The use of GUPs in your SEP environment can either be a useful tool or something that requires more management.   In this article we wanted to explore what a GUP is, how they can be useful, and proper implementation.

 

What Is a Group Update Provider?

The GUP technology in SEP allows administrators to designate client systems within the environment to distribute client definitions in a peer fashion.   In an environment where a GUP is configured, clients designated to use GUPs will reach out on port 2967/TCP  to see if there is a definition update available.  If the GUP does not have a definition it will reach out to its defined SEP Manager and download the correct update. On the next heartbeat interval the client will then download the definition from the GUP.

 

If the client is not able to download the definition from the GUP due to the amount of time it takes or if the GUP is unavailable, it will then default to pulling definitions from the SEPM.  This is to insure that definitions are available to the client even if GUPs are unavailable.

 

When should a Group Update Provider be used?

To understand the bandwidth savings of using a GUP it is important to understand the amount of traffic generated by definitions updates.  A freshly installed client will take a few hundred megabytes to get updated to the latest definition set.   Once clients have been installed and operating normally the definition updates are normally between 40kb-200kb.  These updates occur roughly three times a day on average.

 

While in the field we have seen clients use GUPs in different ways, the purpose of the GUPs was to reduce bandwidth requirements.   On a subnet over a WAN link, you would have a single client retrieving definitions from the SEPM.   This is the same whether you have ten clients over the remote WAN link or two hundred.   For sites with a very small number of clients, it is unlikely that a GUP would be needed.

 

Depending on how you publish definitions within your environment, something else to consider is the difference between cheap and expensive bandwidth.  In some environments client communication will go over the WAN while Internet traffic will traverse through a cheaper local ISP.   In this scenario one serious discussion should be if it is better engineered to have all clients retrieve their definitions directly through the Internet to Symantec’s public LiveUpdate servers.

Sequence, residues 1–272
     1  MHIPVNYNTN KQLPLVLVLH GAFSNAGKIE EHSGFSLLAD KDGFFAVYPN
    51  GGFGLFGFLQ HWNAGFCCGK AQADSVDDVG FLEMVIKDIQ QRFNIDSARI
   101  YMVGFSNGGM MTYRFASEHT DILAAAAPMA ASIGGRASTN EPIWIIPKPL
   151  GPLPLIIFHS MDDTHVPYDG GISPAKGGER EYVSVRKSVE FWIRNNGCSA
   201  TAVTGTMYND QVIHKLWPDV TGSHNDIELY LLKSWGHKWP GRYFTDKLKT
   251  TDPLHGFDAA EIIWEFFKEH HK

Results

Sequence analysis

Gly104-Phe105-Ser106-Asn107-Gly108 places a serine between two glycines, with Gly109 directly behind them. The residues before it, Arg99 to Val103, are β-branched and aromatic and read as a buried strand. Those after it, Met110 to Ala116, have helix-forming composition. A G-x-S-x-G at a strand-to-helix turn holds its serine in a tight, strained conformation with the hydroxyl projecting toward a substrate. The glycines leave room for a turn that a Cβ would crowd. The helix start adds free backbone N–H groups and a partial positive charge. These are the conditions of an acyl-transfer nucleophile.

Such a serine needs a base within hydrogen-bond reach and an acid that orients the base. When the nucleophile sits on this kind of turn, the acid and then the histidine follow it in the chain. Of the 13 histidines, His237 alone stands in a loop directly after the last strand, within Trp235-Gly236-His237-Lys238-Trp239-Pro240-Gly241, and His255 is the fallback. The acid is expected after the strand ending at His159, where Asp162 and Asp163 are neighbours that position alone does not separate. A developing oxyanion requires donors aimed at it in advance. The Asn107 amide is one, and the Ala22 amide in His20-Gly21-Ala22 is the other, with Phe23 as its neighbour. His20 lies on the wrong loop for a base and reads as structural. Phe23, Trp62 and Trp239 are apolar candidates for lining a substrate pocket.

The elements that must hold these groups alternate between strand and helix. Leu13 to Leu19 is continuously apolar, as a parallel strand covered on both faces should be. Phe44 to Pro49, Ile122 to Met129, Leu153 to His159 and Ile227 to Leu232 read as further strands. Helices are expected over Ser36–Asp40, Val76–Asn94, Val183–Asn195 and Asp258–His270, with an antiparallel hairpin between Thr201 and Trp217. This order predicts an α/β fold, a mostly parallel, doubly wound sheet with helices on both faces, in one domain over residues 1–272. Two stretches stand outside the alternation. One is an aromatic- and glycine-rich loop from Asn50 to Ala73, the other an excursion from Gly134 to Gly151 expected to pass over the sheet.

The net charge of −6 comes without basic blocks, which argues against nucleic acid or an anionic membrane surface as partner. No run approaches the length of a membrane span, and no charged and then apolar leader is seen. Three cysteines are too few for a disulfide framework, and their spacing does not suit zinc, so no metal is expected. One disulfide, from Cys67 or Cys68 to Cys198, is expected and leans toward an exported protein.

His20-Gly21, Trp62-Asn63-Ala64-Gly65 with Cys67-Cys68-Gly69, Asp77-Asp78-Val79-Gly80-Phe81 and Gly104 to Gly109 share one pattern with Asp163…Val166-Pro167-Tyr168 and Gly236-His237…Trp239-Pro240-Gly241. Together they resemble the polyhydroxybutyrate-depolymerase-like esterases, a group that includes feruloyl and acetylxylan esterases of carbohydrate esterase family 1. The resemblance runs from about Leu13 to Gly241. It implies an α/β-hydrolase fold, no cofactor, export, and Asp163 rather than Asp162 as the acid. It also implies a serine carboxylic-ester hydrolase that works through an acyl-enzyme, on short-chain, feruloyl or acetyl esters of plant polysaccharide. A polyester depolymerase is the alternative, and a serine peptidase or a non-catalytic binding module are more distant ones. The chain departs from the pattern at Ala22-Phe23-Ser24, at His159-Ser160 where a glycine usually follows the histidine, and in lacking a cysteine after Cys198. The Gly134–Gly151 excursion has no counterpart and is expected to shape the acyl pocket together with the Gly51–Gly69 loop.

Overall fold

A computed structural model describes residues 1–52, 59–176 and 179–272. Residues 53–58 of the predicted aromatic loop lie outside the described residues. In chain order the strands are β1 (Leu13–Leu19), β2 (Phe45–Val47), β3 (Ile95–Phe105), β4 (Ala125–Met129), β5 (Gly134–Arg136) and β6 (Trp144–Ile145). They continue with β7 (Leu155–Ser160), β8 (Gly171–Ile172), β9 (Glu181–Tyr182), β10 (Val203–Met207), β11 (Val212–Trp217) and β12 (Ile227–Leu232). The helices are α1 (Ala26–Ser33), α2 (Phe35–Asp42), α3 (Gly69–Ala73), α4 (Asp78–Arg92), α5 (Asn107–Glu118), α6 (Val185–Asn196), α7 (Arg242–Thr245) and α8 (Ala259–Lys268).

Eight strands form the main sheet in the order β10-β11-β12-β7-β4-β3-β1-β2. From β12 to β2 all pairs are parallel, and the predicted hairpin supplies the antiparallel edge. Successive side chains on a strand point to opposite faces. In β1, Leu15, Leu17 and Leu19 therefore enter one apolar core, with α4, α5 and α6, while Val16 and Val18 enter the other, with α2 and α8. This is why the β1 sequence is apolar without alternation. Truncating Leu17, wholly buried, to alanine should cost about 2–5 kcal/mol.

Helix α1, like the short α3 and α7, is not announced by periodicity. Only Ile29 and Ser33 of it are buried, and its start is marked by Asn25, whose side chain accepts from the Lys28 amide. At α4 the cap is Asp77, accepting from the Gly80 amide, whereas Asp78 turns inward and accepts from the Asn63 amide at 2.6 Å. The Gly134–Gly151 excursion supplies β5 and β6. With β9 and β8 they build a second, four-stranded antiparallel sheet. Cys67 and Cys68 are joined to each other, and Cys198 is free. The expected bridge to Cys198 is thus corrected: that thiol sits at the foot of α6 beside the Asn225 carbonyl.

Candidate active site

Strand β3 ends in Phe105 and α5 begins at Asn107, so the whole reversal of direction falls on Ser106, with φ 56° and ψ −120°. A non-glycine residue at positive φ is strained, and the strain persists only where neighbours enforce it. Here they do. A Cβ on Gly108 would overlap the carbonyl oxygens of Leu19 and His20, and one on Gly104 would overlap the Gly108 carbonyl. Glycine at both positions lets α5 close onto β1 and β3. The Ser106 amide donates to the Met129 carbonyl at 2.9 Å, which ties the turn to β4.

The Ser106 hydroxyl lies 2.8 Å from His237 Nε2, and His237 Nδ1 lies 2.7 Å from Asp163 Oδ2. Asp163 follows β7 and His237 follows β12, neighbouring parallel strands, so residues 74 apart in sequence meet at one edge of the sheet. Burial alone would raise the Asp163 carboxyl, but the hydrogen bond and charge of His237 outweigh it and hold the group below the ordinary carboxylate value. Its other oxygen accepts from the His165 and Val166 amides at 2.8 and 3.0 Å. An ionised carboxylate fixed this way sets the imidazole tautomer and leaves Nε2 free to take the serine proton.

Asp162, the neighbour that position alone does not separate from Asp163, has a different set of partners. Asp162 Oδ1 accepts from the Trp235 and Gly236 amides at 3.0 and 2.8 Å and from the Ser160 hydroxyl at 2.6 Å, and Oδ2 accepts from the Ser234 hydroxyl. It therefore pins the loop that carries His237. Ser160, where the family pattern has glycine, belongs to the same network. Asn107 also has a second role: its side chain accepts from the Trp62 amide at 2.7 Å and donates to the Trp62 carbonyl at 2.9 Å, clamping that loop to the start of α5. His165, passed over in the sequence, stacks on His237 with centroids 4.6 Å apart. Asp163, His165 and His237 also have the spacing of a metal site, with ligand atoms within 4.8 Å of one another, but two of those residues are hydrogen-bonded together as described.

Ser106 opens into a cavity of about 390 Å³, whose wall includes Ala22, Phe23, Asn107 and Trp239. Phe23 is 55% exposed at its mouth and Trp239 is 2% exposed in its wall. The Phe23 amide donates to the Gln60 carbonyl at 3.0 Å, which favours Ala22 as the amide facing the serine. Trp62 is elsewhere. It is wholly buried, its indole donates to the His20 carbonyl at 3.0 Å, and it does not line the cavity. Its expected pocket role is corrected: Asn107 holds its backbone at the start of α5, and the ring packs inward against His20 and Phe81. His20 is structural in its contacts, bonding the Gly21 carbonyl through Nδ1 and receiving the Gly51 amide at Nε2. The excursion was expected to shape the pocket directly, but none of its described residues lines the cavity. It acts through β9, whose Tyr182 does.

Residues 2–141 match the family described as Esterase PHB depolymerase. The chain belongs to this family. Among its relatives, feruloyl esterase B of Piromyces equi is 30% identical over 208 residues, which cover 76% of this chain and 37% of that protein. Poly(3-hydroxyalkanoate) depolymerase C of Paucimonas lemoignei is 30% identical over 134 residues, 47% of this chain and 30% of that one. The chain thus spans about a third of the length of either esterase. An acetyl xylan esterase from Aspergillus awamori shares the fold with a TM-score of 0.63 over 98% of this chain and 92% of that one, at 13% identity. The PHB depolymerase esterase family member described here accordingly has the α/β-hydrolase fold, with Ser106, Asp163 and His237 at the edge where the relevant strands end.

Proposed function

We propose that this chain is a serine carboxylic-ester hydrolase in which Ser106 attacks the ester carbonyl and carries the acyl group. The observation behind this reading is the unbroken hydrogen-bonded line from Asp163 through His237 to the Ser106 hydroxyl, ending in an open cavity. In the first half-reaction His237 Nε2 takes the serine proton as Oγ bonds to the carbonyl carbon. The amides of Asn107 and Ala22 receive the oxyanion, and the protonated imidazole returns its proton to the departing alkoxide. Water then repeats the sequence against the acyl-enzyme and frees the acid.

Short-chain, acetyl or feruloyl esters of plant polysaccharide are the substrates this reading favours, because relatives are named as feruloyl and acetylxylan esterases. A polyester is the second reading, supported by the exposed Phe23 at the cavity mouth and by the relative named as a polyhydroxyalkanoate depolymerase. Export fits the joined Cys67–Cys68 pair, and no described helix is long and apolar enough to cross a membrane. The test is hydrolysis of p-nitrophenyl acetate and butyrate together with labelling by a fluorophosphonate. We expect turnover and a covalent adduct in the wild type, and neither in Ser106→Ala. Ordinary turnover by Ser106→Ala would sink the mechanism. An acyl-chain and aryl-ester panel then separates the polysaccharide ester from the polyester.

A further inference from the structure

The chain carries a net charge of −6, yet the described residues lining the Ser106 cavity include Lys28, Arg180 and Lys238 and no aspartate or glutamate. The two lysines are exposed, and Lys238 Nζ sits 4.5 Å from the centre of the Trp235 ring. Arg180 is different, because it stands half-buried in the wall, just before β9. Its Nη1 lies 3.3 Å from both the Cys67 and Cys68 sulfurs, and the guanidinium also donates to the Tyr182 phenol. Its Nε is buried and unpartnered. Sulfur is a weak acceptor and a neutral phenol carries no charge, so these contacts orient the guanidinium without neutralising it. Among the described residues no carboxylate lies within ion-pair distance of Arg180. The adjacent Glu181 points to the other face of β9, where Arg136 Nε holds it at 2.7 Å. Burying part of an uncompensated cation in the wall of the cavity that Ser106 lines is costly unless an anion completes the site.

Since differential updates are normally small, in an environment where all the traffic is on the same local LAN as the SEPM, it almost is never beneficial to use GUPs in this scenario.    While some bandwidth could be recovered by putting a GUP on each subnet, the management of a large-scale GUP environment in a local LAN will likely take more time and effort than any nominal bandwidth savings.

 

Can all clients be defined as a Group Update Provider?

Recently we had a customer ask if all systems could be GUPs.  In theory all clients in an environment can act as a GUP.  However, this is not saving any bandwidth.  What it is going to do is require all clients to reserve more hard drive space because they will all save separate definitions to be available to any possible peers.

 

In this scenario none of the agents will actually communicate with another GUP since a GUP can only retrieve updates from a SEPM.   This is a scenario where some people could believe that the environment would act in a full peer-to-peer fashion. Since the controls are in place to insure that definitions originate from a SEPM to the GUP this will not occur.

 

Things you need to be aware of when using Group Update Providers

 

The most important thing to understand is that GUPs only work with Windows clients.   Linux and OSX clients will not use the GUP functionality at all. Depending on the mixture of operating systems within your environment, this is important to know.

 

If you are trying to schedule updates to occur only at certain time periods through the day, this can only be achieved by using a LiveUpdate server. At this time GUPs do not offer this functionality.  Group Update Providers work by requesting definitions from the SEPM directly.   If you have an environment where you have a separate LiveUpdate in your environment, the GUPs will not request definitions from this system.

 

Depending on how clients are chosen to be GUPs, the antivirus team will need to be aware of any system decommissions.   We have run into scenarios where SEP administrators have configured remote client desktops as GUPs.   A few months later it was discovered that these systems have been decommissioned and replaced.  During this time while they thought a GUP was being used, all clients at this remote site were actually updating definition directly from the SEPM.

 

About the Author

Brent M. Gueth is a Senior Security Consultant with Conventus specializing in Symantec Endpoint Protection and Symantec Data Center Security.   He has worked in the IT Security field for over a decade including positions with Symantec and NASA.  He has consulted for many Fortune 500 companies and assisted them with their security needs.